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A CurtainUp Review
Cool Hand Luke
First, the good news: Lawrence Jansen steps into the iconic role with an effortless grace and the acting ensemble are right in theatrical step with him. The Reeves adaptation is based on the 1965 novel, not the famous film that followed. It's free of all extraneous details, without losing the essence of the tale. And Joe Tantalo directs with a steely grip, without wasting an inch of space in the black box venue.
screen performance in the movie still hovers over the stage. Though Tantalo's mounting is admirable for its economy, verve and strong ensemble, the film and charismatic Newman performance stil hold the aces.
But if you can ignore that screen ghost, this Cool Hand Luke has much going for it. As adapted by Reeves, it neatly retells the ballad of Luke Jackson, the decorated war-hero who knocked the heads off of parking meters and ended up serving time at a Florida prison camp on a chain gang. Based on Donn Pearce's own prison experiences in a chain gang, the story has the raw sting of reality, the stage adaptation has deftly folded of the famous lines from the novel into the play (like the guards quip to the convicts of "Git yer mind right"), and makes them hum authenticity.
The play includes the fabled episode where Luke eats 50 hard-boiled eggs in an hour. Though the e stylistic staging is less visceral than the film, it does work in making a folk hero out of Luke to his fellow convicts.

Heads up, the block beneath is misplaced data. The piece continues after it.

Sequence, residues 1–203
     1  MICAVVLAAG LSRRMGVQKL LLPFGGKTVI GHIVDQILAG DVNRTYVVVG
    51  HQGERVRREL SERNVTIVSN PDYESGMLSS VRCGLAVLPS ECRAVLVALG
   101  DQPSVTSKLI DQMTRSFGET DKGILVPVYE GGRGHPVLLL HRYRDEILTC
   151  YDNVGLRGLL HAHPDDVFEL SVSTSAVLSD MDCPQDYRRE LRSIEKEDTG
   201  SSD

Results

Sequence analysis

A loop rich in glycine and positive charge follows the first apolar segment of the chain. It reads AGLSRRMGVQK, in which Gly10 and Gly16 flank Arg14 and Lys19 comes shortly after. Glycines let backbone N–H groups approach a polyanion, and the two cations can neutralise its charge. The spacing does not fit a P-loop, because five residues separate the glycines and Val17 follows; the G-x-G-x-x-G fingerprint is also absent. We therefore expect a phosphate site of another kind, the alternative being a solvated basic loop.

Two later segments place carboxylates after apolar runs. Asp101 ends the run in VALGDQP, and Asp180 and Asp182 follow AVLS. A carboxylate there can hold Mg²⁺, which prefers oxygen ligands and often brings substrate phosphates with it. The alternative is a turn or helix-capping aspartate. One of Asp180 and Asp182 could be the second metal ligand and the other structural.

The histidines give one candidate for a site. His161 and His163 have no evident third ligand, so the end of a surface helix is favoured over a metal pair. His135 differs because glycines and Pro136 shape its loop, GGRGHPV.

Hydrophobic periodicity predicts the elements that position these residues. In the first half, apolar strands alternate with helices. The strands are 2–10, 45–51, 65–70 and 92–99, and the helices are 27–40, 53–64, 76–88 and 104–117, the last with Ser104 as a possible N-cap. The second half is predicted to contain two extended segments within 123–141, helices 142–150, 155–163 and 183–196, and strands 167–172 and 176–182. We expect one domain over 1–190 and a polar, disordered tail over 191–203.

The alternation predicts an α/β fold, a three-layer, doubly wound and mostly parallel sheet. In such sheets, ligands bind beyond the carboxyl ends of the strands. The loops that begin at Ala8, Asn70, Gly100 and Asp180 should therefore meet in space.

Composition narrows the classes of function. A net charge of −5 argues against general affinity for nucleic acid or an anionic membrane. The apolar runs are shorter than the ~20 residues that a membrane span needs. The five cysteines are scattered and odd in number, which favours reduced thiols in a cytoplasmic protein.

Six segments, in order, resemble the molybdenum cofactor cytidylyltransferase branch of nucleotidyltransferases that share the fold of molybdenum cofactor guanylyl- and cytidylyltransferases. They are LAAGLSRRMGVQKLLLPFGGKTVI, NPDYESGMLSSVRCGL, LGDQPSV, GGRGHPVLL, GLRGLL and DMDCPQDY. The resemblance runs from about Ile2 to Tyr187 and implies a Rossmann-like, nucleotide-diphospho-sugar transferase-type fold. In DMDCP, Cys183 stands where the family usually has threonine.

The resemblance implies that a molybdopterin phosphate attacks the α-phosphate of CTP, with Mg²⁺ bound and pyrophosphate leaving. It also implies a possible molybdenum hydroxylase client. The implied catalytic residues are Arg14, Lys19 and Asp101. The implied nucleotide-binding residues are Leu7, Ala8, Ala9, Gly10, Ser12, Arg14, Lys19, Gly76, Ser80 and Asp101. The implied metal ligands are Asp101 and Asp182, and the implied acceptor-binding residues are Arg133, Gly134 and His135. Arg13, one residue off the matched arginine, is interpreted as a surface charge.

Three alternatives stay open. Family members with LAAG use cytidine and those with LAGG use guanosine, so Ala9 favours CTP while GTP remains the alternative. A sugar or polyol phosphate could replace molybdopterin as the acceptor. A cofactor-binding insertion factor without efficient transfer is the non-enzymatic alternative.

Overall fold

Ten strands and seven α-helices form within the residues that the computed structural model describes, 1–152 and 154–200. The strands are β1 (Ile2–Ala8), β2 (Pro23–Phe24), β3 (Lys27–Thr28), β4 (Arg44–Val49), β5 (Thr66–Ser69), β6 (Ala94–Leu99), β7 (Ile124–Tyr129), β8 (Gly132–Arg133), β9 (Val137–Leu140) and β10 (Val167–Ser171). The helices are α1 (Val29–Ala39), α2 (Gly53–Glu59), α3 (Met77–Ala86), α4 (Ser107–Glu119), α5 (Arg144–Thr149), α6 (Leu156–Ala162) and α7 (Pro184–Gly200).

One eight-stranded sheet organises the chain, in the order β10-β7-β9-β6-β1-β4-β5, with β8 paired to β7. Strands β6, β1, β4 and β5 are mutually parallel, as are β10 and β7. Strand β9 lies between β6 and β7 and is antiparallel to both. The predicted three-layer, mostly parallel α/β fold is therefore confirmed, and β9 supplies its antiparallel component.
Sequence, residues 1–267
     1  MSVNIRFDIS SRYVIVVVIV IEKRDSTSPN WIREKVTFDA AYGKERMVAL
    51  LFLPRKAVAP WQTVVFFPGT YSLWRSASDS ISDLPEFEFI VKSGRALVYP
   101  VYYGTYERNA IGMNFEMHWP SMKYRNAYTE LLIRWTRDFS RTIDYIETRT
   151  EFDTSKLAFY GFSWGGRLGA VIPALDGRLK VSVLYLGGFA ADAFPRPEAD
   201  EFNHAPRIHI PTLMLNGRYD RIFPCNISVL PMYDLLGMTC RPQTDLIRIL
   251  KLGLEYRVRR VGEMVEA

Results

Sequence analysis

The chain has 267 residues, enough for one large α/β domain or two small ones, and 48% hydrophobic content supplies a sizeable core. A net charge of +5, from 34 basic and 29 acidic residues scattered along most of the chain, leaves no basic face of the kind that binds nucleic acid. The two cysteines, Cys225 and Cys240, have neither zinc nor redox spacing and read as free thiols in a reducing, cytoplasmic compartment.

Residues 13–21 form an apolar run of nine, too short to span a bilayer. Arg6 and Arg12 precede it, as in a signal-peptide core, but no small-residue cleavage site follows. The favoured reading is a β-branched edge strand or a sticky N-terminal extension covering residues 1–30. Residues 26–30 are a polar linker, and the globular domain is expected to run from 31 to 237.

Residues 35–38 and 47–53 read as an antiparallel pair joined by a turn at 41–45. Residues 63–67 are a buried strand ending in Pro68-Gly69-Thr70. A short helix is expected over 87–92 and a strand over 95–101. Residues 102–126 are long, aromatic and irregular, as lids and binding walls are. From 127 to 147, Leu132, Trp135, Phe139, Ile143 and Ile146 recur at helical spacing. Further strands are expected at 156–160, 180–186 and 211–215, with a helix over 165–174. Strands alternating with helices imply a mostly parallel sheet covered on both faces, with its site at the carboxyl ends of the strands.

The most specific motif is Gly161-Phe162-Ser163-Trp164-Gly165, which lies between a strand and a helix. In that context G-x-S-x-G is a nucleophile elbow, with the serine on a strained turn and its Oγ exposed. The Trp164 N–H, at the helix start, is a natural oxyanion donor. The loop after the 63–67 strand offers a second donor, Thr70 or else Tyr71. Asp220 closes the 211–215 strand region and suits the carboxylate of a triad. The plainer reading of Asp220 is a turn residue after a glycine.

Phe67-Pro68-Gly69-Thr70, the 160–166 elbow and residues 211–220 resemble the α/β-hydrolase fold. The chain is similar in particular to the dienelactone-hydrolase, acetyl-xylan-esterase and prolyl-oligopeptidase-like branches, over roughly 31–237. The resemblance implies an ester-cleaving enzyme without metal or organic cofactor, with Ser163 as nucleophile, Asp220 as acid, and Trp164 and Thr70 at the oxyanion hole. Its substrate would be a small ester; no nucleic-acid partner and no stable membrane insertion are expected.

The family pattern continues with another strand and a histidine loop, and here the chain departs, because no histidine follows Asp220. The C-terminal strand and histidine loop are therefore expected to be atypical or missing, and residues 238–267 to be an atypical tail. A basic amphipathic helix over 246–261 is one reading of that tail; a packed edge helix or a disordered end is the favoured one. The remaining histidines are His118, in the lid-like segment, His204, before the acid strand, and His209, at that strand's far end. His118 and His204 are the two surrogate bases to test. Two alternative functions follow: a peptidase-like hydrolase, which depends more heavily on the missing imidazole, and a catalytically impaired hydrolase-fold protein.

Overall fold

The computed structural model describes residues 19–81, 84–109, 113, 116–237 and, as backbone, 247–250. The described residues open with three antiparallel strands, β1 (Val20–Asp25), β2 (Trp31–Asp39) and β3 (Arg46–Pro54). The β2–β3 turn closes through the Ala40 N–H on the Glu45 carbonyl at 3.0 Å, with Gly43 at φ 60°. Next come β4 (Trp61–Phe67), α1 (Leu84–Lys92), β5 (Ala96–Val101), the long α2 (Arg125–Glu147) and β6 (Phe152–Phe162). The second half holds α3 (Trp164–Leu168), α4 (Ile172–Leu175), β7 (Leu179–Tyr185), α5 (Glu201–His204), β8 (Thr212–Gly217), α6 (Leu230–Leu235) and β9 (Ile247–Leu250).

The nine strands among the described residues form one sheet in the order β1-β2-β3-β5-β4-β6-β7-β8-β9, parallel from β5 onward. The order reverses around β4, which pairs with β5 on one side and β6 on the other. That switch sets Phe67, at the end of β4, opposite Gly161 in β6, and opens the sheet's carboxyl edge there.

The infamous "box" is artfully simulated on stage by lighting designer Maruti Evans. This cramped space is reserved for convicts who commit any infractions against the prison camp's regulations. Indeed Luke becomes a temporary denizen of the "box" immediately following his mother's death, underscoring how the guards kept trying to crush his spirit when he was most vulnerable.
The allegorical element is overdone here with a gospel singer who enters and exits in pivotal scenes. The singer clearly represents the theme of religion (and how Luke deals with his Christian upbringing). But her recurring presence puts a distracting brake on the play-at-large.
Maruti Evans, who wears two hats here, has created a Spartan-styled set that is clutter-free and suitably complemented with a glaring wash of lights. Indeed you get the Big Brother-is-watching effect to the nth degree. Orli Nativ has conjured up state-issue outfits a la tank tops and weathered pants that add a touch of realism, and sharply counterpoint the stylized production.
Despite the piece's flaws, this Cool Hand Luke is well worth a look. Like its literary predecessor and later celebrated film, it vividly depicts the sadistic behaviors and practices that go on within and without the walls of law enforcement agencies. And with the recent police brutality headlines, who can argue for this play's relevance today?
Incidentally, Tantalo, the Artistic Director of Godlight Theatre Company Godlight Theatre Company, has already presented six other page-to-stage works at the 59E59 Theatre complex ( Clockwork Orange, Slaughterhouse Five, Deliverance, and In the Heat of the Night, The Basketball Diaries and Fahrenheit 451. And one can only wonder what other classic novel Godlight will tackle next.